Most US banks pass stress test, says Fed
MOST of the largest US banks passed their annual stress test, according to the Federal Reserve, in a conservative report card that underscored the recovery of the financial sector but called out a few laggards, including Citigroup.
The Fed announced the results in an earlier-thanexpected release on Tuesday.
JPMorgan Chase pulled the trigger on announcing its own glowing marks before the Fed’s release, and helped lift the stock market.
But the failing grade for Citigroup, the nation’s thirdlargest bank, was a shock.
Going into the tests some analysts felt it had a better chance of a positive surprise than any other financial institution.
The Fed said on Tuesday that 15 of the 19 banks tested would have enough capital, even if they suffered a financial shock that would see unemployment hit 13 percent and housing prices drop 21 percent.
The results paved the way for many of the passing banks to announce highly anticipated plans to boost dividends and buy back stock.
The outcome showed a middle- of-the-road approach. The Fed failed enough banks to give the tests credibility and to elicit industry outcries about the tests being too tough, but it reassured markets that the US bank industry is generally healthy.
“Overall, we can’t complain that these tests weren’t rigorous enough, and it’s good to know that most banks would at least survive another global financial meltdown,” said Paul Ashworth, chief US economist at Capital Economics in Toronto.
MetLife, the largest life insurer in the United States, was also among the four financial institutions that failed the exam, which applied worst-case stress scenarios looking out through the end of 2013.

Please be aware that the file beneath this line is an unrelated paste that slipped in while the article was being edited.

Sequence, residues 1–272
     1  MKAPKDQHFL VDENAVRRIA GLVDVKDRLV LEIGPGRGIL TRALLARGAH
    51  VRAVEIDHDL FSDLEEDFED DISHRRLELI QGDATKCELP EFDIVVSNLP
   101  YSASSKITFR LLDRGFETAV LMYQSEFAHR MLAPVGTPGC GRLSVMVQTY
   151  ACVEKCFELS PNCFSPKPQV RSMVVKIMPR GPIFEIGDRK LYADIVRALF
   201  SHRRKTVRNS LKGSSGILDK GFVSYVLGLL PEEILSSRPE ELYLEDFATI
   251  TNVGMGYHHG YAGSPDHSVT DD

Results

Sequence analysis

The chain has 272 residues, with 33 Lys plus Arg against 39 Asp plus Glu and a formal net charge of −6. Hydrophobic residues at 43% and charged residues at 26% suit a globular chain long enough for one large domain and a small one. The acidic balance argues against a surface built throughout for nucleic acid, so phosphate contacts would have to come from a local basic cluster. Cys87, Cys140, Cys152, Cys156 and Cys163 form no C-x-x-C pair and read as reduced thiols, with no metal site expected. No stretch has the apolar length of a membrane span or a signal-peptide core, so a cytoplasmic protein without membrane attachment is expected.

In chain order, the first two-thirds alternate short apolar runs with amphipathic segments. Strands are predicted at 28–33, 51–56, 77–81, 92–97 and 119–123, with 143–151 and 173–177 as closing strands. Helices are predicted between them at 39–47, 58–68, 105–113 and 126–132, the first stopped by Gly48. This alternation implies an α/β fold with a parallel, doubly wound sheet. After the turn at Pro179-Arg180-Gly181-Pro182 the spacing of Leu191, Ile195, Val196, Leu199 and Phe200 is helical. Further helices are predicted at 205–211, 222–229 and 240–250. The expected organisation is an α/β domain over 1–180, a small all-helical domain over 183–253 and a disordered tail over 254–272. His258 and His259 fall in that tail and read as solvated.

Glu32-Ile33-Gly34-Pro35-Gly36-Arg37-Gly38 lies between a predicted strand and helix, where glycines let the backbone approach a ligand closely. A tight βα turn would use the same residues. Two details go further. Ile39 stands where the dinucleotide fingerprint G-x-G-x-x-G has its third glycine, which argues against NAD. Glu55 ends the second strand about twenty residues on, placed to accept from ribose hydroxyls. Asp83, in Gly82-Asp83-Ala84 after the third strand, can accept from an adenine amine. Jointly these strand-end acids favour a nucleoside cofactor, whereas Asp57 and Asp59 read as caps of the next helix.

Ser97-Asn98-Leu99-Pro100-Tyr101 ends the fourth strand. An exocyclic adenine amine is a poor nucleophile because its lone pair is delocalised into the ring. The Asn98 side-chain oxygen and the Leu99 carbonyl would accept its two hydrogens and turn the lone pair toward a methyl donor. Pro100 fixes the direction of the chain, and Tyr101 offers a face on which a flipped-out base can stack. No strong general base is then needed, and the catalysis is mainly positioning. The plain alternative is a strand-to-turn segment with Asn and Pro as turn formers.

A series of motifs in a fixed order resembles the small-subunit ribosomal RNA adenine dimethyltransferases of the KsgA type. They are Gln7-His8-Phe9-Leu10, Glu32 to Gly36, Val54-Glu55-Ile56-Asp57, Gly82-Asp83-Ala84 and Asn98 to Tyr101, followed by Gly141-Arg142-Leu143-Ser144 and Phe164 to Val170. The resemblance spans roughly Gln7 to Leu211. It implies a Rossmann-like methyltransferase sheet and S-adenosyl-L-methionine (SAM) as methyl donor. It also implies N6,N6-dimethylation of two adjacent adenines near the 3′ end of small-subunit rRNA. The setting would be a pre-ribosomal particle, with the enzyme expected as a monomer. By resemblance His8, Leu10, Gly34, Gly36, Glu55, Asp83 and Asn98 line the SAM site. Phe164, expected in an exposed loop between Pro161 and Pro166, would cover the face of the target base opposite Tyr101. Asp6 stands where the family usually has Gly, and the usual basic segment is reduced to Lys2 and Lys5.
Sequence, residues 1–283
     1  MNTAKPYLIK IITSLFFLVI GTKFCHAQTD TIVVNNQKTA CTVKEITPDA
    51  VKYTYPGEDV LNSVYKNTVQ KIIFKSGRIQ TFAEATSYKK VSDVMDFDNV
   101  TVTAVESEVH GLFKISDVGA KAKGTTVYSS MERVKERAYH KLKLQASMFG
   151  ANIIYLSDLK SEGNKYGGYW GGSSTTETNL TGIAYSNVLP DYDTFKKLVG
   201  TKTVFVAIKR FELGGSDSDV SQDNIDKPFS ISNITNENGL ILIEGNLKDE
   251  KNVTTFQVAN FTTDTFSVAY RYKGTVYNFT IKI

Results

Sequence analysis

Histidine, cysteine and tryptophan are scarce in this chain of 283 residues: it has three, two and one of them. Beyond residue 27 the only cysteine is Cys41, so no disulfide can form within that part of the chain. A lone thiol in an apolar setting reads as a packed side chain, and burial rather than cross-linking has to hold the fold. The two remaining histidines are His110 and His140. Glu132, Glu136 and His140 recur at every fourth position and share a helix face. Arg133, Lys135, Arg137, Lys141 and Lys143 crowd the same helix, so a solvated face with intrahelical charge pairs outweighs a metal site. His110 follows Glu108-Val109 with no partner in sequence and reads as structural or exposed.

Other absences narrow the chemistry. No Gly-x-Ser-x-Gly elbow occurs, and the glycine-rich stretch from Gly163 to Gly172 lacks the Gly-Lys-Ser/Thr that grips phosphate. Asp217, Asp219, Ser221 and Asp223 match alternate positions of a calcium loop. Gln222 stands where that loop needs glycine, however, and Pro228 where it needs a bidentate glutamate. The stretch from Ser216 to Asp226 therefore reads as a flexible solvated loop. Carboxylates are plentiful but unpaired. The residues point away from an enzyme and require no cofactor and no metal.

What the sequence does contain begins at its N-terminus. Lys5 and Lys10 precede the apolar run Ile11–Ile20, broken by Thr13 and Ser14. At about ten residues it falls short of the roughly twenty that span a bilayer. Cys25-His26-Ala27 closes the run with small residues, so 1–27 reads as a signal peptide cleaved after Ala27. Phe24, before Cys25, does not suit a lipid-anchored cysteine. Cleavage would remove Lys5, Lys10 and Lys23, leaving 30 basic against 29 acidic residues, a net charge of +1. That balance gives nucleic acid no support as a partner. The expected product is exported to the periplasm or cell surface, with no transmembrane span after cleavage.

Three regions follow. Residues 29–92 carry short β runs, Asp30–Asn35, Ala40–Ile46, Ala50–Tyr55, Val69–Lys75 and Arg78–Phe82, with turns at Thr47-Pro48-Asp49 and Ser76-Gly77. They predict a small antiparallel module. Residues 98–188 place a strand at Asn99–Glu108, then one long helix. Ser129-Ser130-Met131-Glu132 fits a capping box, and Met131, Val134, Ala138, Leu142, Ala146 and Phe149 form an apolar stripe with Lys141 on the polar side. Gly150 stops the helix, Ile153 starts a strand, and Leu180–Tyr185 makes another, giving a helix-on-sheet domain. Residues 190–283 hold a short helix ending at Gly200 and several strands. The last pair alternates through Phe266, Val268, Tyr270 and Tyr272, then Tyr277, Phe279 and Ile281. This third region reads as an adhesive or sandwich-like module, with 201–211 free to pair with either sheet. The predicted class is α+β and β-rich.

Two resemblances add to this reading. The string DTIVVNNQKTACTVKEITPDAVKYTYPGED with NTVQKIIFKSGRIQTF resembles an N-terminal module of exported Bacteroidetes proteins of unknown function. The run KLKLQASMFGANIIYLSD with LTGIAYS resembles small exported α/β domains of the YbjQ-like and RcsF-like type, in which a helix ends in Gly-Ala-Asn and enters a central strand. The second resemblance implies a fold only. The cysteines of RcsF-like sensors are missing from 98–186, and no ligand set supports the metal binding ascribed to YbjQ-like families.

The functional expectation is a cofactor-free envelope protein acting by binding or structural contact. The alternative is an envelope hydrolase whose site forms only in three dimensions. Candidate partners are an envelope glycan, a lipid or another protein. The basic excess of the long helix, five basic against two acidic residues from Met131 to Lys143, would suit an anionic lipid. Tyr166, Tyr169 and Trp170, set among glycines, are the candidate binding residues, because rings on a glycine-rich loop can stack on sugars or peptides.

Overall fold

Ally Financial and SunTrust were also at the bottom of the heap.
Among the winners was JPMorgan, which has been agitating for regulators to loosen the handcuffs on the ability of banks to raise dividends and buy back stock.
The Fed uses the annual stress tests to give the markets a window into the health of the US bank industry, and also determine if individual banks are strong enough to reduce their capital buffers.
Bank of America, the nation’s second-largest bank, passed the Fed’s test, but it did not ask for a dividend increase or to buy back shares. Last year, the Fed rejected the bank’s request for a dividend hike, in a major embarrassment for Chief Executive Brian Moynihan.
JPMorgan, in a surprise to markets, announced around 3 pm that the Fed had given it permission to raise its dividend by 20 percent and spend as much as $12 billion buying back stock this year.
The news helped the US stock market post its best day this year. The Fed had been scheduled to release the test results after markets closed on Thursday.